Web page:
A brief history of the Internet

We are living in interesting times. Even though we don’t have flying cars,  eat dinners contained in pills or have vacations in space (yet) there have been a been dramatic changes the last decades. I want in this little piece to focus on the changes the computers have imposed upon information, and intellectual property. The digitalisation of various forms of communication in combination with the huge numbers of computers and computer-like devices owned and cheap Internet connections have changed the way we communicate. Maybe not in the expression, but in the manner of speed and multiplicity. Just think back; after the battle of Marathon in 490 BC the message of success against the Persian had to be transmitted by a runner. After Napoleons success against the Austro Hungerian Empire the expanded system of semaphores made this easier, but the biggest difference in efficiency of transmission messages happened in mid 19th century beginning in the Supreme Court Room in Washington DC 24th of May in 1844 with a message sent to a railroad depot in Baltimore and back again. The first message sent through a telegraph; from now electrical communication replaced the optical semaphores. Ironically is the next big step done by moving back to an optical system, but this time through optoelectronics and through fibre cables rather than a manual system.

In the end of th 1960s the first messages between computers was performed. The 29th of October 1969 a short message was sent through the ARPANET. Living in 2011 and look back in time this may seem like a huge invention, but the consequences of getting  computers to communicate meant very little for John Doe in 1969. Computers were expensive and rare, it would take around another ten years before the first computers got personal into their acronym and another twentyone years before the most popular and the pinacle in its commercialisation was to be incepted at CERN (WWW). From here the story is well known: Everyone got connected, bought new hardware every second or third year and got faster and cheaper Internet. We got routers and flatrate so we could stay online all the time, then we got wireless routers so we could sit in the sofa and not in the office and finally we got wireless connection on our phones, Kindles, iPad, Gallaxies and whatnot. We stopped admiring gif and horisontal borders with low-res animation and started to download music. Later as computers got more powerful we started to download movies as well, and games. Games in the begining had to be runned through DOS and came in big boxes, but at some point they turned into auto-install and came in the new DVD-casing format. Oh, and as not just the nerds, the office workers, academics and the porn-browsers got connection we started to connect in social networks, and sharing our content online. In the early days through homepages where we took the metaphor of virtual home to a maximum by placing a house in the top-left corner and dedicating a section to the family pet, to a more contemporary dynamic myriad of content based services for blogs, pictures, video, poems, tour tips, movies watched and book reviews.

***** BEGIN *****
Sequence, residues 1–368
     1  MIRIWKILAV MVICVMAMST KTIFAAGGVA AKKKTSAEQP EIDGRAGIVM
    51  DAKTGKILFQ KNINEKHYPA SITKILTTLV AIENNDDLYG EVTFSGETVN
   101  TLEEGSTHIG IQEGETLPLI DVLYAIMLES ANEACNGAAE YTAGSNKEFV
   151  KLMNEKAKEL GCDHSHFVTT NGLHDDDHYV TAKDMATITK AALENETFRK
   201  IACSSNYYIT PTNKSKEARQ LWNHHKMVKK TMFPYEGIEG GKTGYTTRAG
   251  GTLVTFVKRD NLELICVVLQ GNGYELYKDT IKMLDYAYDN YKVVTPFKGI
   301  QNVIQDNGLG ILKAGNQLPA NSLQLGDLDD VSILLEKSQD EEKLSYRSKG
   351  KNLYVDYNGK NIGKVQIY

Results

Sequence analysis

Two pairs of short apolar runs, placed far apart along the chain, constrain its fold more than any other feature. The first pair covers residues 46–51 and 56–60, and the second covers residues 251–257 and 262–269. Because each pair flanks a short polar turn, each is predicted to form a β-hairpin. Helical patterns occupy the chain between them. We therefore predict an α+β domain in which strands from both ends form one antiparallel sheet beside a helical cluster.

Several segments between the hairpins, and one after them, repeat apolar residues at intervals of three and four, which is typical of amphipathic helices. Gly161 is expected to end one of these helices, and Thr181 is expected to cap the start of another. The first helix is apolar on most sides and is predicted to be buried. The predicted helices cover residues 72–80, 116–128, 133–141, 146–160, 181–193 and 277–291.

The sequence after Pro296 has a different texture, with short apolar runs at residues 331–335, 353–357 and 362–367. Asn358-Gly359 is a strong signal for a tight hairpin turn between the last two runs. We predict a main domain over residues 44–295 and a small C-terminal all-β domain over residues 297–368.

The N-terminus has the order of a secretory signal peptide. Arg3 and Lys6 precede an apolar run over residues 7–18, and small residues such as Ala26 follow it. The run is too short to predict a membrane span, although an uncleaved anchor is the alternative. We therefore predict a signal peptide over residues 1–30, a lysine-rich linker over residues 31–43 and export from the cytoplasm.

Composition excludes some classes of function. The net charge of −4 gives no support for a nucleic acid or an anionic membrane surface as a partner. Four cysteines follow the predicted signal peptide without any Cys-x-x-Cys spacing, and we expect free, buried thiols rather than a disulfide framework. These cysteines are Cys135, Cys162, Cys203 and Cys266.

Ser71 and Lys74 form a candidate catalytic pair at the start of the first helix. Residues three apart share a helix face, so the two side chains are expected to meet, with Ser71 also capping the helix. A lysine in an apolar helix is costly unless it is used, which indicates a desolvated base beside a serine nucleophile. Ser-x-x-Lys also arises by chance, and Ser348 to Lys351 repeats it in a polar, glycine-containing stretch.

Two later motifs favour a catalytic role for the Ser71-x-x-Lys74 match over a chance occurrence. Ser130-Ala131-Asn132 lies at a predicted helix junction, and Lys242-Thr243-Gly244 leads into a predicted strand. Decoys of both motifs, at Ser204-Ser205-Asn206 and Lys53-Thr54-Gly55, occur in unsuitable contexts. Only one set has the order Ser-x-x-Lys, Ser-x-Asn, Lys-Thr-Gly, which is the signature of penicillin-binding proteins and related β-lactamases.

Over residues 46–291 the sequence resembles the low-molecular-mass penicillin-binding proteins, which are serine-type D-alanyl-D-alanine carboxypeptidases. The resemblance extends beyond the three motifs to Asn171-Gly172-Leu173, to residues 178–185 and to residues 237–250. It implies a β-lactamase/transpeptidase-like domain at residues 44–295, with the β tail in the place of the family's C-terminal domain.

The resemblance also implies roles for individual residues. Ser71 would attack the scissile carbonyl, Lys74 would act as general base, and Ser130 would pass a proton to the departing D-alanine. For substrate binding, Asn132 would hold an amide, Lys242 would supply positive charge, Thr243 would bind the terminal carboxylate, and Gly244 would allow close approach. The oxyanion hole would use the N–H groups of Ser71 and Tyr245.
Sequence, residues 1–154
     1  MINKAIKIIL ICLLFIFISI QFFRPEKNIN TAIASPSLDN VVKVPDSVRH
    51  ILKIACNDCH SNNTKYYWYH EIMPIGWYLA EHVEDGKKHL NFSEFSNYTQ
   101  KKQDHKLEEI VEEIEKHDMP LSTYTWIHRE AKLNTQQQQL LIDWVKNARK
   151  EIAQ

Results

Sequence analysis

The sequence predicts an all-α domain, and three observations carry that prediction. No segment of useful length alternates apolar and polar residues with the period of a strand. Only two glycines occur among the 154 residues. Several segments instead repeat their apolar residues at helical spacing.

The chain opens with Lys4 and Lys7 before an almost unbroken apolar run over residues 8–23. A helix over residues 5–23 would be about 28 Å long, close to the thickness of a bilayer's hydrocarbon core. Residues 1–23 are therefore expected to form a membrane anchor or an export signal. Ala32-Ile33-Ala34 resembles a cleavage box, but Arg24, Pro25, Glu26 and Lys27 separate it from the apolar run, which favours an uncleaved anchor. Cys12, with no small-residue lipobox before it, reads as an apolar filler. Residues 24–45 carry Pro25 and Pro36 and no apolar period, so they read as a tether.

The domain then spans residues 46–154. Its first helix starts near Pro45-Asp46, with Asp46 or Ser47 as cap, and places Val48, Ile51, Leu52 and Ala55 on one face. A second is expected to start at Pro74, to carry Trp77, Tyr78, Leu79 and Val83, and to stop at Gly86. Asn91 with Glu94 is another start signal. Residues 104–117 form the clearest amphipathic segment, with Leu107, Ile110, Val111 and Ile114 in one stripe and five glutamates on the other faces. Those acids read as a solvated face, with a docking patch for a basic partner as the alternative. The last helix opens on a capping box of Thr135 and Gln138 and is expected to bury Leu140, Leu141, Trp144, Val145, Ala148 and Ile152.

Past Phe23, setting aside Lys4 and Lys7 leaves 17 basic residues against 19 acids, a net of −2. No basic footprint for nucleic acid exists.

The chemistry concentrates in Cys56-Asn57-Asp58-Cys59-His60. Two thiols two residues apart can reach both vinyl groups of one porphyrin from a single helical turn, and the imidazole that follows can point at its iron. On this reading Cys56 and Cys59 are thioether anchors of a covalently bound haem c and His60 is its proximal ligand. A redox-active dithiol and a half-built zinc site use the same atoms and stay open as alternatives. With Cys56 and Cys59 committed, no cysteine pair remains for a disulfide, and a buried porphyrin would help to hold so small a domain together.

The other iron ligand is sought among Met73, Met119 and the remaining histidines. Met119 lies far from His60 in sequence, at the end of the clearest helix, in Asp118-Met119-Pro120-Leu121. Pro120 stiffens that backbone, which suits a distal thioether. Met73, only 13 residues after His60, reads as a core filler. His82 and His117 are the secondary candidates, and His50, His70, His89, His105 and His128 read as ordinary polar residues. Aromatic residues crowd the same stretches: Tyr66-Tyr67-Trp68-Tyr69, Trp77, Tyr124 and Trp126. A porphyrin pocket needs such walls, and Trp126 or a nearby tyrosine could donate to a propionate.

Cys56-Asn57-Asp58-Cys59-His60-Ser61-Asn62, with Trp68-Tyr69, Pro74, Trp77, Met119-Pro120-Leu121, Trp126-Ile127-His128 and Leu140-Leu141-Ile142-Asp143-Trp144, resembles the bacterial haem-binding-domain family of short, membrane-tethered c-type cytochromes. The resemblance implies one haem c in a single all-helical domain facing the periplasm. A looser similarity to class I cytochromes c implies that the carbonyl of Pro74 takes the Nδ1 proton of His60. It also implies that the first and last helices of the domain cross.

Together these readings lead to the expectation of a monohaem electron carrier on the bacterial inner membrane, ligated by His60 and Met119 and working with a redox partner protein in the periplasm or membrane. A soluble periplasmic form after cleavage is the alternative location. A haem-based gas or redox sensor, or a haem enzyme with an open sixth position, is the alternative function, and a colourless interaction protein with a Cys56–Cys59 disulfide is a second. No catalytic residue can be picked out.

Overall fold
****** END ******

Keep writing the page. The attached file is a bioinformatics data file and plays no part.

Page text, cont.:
Today the hot stuff is tangible and cloud-based, and the convergence of media in the computer is segregated into other platforms as well. The e-book is read on devices with artificial ink, the music is heard on portable players or mobile phones, some even have own devices to present pictures taken digitally. Games are still popular on computers, but more extensions to the game consoles and exclusive release on games increases their sales. Simultaneously do we see a reconvergence as most of these differentiated platforms are able to do tasks the others are specialized to do. You can listen to MP3s on your Kindle and watch movies in your photo frame. Things get also moved from the computers and into the cloud, your photos can be shared through others online and even synchronised from your computer, the same happens with your e-mail. Who are still using POP3? Things get moved from your computer to your little distant storage room located another place so you can access it from all the gadgets.

So, what can we learn from all of this? What is the next move in communication? What is the next trend or tendency? Well, I don’t know, but if you have any idea, please leave a comment.

This post was meant as a little comment on the intellectual property of the Internet, but well, that is not the way it turned out. Stay tuned for that post later, and more post on technology. Picture by Tim Ducett, acquired through Flickr The picture is licensed under creative common. Please refer to link for more information

Leave a Reply

Your email address will not be published. Required fields are marked *